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1) Remove three bolts holding the motor to the drive plate. Remove motor and set aside.
2) Disconnect the master link from your chain by sliding out the retaining clip with a small pick or screwdriver. (save this link, as you will use it in the final assembly) Remove chain.
3)Remove one link from the chain by carefully tapping out the appropriate
chain pin with a small punch and hammer. The picture below shows the original
length chain, (top) and the resulting chain length. (bottom) NOTE: A
"link" consists of 2 segments. (holes) The picture below shows exactly
which pin to drive out in order to remove a single link. NOTE: Try using
a vise as an "anvil" to aid in removing the pin. Place the chain on
top of the closed vise jaws, then open the jaws just wide enough to allow the
pin to be driven down between them.
4)Replace the chain around the rear sprocket. Using two master links and a
"1/2 link", as illustrated below, connect the chain ends. When the
chain ends are linked, the resulting chain will be longer than the original
chain by 1/2 link! (one hole) This additional length is necessary to accommodate
the increased pinion size.
6)Install the 19T pinion and its washers in exactly the same order as the original pinion. (steel, nylon, pinion with teeth nearest motor, nylon, steel) Install the retaining clip.
The final assembly should look like the picture below.
NOTE: If you have the proper equipment available, I recommend re-sizing the 3 motor mount holes in the motor face plate at this time. WARNING: Do not make the holes so large that the bolt heads can pass through! By enlarging these holes, you will be able to move the motor forward and backward slightly to adjust tension on the chain. (this may completely eliminate the need for the noisy chain adjusting block) If necessary you can still use the block, but it may be necessary to reposition it (or possibly flip it over) to obtain proper chain operation.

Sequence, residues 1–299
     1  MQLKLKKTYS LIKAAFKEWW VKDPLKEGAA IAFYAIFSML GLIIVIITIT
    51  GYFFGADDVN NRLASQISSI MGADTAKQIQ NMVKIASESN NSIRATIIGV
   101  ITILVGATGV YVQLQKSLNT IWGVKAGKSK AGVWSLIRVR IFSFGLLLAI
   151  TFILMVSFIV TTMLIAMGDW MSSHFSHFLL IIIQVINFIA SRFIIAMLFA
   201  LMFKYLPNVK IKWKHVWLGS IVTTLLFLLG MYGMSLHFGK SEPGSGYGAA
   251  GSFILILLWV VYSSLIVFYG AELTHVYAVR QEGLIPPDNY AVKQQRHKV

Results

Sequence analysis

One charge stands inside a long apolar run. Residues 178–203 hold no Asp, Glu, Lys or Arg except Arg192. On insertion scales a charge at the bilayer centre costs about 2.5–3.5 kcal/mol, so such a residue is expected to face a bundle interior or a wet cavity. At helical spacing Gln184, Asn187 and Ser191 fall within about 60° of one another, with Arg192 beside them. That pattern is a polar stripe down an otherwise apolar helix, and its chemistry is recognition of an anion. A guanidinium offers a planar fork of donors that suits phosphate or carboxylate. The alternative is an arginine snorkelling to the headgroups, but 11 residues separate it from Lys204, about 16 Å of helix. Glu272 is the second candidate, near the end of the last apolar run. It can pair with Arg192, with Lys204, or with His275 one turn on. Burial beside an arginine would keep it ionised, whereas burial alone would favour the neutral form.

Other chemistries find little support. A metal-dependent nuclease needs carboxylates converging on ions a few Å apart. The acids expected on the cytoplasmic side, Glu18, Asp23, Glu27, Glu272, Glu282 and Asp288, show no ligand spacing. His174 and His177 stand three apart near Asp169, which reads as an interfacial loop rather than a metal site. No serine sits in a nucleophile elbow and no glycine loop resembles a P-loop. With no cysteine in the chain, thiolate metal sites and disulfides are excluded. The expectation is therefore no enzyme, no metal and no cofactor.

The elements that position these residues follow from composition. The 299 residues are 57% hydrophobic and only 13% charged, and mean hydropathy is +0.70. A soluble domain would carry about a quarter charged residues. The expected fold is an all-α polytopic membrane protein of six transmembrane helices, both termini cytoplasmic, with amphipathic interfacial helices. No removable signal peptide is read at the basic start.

NOTE: You may or may NOT need the chain tensioner after installing the new pinion. You should remove it prior to re-installing the motor, and determine if it's needed after completing step 7 below.
7)Re-install the motor, and adjust the chain tension (see note above) so that about 1/8" of slack is available at the center point between the gears. Rotate the wheel and check that the slack remains throughout a complete revolution. If the chain tightens and loosens as it revolves, be sure that the 1/8" slack remains at its tightest point!
Recommended Limits of Operation: This gearing has been tested in the field and on the dynamometer, and provides approximately 3 MPH speed increase over stock gearing. However, the hill climbing ability and range of the Flyer will be somewhat reduced. Care should be taken to check motor temperature during early test runs with the new gearing! Avoid steep hills! (those over ~8% grade) Lighter riders may find this restriction unnecessary!
Be certain that tire pressure is at or near 40 PSI to avoid overloading the motor. Riders heavier than ~175 lbs should check for excessive motor temperature until you gain more experience with the new gearing.